There’s nothing like a cold day and a warm oven to turn that frown upside down. Or, at least in my situation, a cold day to turn on my Crockpot and turn the cake upside down!
In NOLA, I have a couple of choice locations for carrot cake. I don’t eat just any carrot cake. It requires a certain level of love and affection, and of course, a big saucy meal before it. One of my favorite carrot cakes comes from none other than Company Burger. After a Magic Hat No. 9, a turkey burger (tomato jam, green goddess dressing and arugula — hold the arugula) and an order of tater tots dipped in half chipotle mayo/half basil mayo, there is NO beating a slice of carrot cake for the road.
I have four other faves, in no particular order:
- Maple Street Patisserie (occasionally they have it, but not always)
- Dorignac’s (they also have an amazing powdered Bavarian cream doughnut)
- Fairgrinds (a general variety of pastries, including the carrot cake and yummy vegan options)
You know that saying, “you don’t know what you have until you don’t have it anymore?” Well, apparently I also feel that way about carrot cake.
I’ve looked around for carrot cake here in Brussels, but I have to be honest: they don’t look so tasty. So, armed with Google and common sense, I searched for relatively easy and highly rated carrot cake recipes for, you guessed it, my Crockpot!
For those wondering why I would use the Crock and not the oven, let me explain. One day, I asked my flatmate how to light the pilot light on the oven. Even though it was French day in the flat, she kindly and quite swiftly stopped me and explained in English that she almost died one day when the light wouldn’t come on but the gas kept going. So, since then, no oven. By switching to English, I think she really wanted me to truly understand, not just nod my head and say, “Oui, je comprends: utiliser le four signifie que je vais mourir.” (Translation: “Yes, I understand: using the oven means I will die.”) Bummer. So, as you can imagine, that made the need to find a Crockpot that much more compelling.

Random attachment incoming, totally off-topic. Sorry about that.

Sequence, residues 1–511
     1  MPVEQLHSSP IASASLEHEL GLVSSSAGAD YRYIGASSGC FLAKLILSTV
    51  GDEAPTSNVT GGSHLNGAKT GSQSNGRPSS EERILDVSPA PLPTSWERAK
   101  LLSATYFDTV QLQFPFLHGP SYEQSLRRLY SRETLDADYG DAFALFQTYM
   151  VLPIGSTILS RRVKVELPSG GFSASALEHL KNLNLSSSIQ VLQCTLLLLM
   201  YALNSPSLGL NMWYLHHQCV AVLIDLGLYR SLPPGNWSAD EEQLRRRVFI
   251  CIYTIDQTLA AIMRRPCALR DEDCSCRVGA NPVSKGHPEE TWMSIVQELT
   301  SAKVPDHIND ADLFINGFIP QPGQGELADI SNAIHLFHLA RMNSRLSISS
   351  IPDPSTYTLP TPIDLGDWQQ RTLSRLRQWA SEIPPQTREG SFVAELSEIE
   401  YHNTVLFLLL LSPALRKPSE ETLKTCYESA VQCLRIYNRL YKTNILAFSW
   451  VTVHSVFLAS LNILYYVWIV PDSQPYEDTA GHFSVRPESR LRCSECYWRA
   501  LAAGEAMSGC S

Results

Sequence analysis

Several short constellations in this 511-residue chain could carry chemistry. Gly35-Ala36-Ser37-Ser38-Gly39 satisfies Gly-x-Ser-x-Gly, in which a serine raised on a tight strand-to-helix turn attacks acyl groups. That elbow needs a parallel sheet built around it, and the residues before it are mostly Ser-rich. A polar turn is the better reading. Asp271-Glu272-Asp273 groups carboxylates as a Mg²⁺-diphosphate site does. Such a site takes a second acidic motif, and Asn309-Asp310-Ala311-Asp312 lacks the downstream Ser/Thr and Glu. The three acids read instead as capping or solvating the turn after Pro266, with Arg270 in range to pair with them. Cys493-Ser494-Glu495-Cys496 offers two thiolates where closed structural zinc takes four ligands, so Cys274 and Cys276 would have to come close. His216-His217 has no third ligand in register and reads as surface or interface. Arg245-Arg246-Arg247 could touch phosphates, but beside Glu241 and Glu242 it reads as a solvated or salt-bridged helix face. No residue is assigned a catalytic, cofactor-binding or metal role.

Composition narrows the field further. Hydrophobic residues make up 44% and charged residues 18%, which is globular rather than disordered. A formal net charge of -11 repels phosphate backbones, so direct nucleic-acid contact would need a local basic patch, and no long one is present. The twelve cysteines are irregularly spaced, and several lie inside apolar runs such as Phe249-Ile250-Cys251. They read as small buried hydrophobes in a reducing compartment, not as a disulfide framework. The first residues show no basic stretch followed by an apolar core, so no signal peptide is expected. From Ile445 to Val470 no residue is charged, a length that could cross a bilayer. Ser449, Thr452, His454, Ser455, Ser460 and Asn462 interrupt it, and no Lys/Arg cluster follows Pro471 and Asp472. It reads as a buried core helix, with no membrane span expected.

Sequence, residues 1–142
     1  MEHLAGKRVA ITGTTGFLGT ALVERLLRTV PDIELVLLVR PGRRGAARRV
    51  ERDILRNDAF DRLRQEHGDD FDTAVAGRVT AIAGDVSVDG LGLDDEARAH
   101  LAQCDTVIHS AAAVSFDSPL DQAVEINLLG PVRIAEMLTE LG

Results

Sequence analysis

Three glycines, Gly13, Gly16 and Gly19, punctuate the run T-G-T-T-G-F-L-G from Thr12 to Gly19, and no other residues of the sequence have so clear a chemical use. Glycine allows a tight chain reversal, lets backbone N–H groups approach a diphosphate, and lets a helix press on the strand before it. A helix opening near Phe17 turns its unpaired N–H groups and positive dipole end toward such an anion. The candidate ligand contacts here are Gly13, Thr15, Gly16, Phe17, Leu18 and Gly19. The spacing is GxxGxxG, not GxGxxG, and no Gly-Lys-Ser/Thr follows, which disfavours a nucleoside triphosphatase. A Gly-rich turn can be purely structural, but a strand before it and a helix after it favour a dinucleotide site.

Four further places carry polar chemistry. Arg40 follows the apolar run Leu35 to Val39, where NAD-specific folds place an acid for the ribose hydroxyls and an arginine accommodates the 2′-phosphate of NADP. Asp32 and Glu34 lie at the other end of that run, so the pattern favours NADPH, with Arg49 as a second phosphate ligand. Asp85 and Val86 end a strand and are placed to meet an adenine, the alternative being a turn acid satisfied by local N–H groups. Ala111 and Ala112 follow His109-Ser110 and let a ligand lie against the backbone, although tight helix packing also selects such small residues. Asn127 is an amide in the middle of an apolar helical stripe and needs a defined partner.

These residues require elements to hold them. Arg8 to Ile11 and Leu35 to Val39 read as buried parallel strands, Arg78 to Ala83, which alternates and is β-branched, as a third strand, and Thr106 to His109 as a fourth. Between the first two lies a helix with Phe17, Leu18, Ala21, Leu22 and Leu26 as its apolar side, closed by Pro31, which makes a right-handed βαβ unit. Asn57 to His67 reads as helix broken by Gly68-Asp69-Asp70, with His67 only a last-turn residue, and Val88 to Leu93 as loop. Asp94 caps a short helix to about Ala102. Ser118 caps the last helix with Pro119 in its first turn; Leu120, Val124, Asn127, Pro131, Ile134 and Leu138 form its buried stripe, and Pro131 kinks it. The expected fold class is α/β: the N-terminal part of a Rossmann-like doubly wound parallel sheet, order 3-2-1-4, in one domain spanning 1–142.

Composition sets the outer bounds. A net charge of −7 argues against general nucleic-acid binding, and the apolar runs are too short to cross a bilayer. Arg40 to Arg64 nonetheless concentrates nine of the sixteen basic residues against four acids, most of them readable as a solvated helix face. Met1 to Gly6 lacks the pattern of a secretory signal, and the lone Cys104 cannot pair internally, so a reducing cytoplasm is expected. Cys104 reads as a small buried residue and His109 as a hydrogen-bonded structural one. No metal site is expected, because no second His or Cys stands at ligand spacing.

And here we are today.
First, you need carrots. Yes, real carrots. Fresh carrots. Peel them, cut them.
Then, you figure out how in the world you are going to Julienne them. Oh, that’s right! I remember. My flatmate also has this LOVELY contraption:
Then, assemble your ingredients like a good little baker, substituting sugar-free 100% apple sauce for vegetable oil:
Mix up your wet ingredients first, then add in the flour ….
And then, mix together your baking soda, baking powder and cinnamon together so that it is evenly distributed throughout your batter:
Add the rest of those gorgeous carrots that you kept snacking on while you were julienne’ing!
Mix it well. Beautiful, no?
Grease up that Crock and put the batter in, carefully. No, seriously. Care … full … eeeeeeee.
Then, cover and set to low. Yes, those are paper towels. In a traditional oven, it stays humid. In a Crock, not so much. The humidity in the Crock relies on the meats or sauces that you’ve added to the mix. Since we are baking UP and not cooking DOWN, we need an extra layer to keep all that good moisture inside!
And, while that cooks for two to three hours (mine took about 2.5 hours), we take out what we need for the cream cheese icing … and let it sit. And wait. To soften. Or so we hope!
Oh, look! The cake is done! YAY!
Wait! What was that? It’s past lunch time? Blasphemy! Here’s some taco soup to hold you over until dinner!
Wait. It’s been three hours now. The cake is done, I ate lunch, but the butter and the cream cheese aren’t soft yet. Why? Probably because it is 45 degrees in the house! Oh. Hm. Well, off to the windowsill you go for some afternoon sunning.
Once soft, mix the butter and the cream cheese together. Yes, together. We call this “heaven on earth.”
Add the powdered sugar …
Quietly, inside of your brain, secretly wish you could bathe in it …
Then take the cake out of the Crock. Did I mention CAREFULLY?
Wait. The icing is done. Where is my six-year-old nephew when I really need him? I guess I have to clean these off myself. Poor NOLAfoodie. 🙂
So, here’s where it got special. Basically, when I took the cake out, there were a lot of … dark spots. Where the cake cooked unevenly and I needed to, well, cut off the “crunchy” parts. Quite sad when you think about it. Such a waste.
Looks kind of mangled now, but I hope it tastes good!
Then, put the icing next to something warm again, since it’s almost frozen again! 🙂 After it warms up, cut the cake into bite-size pieces and top accordingly.
There … perfection.
(This post is in a different format than previous posts. Feel free to send me your thoughts on your preferred setup … like this above, or more consolidated like before?)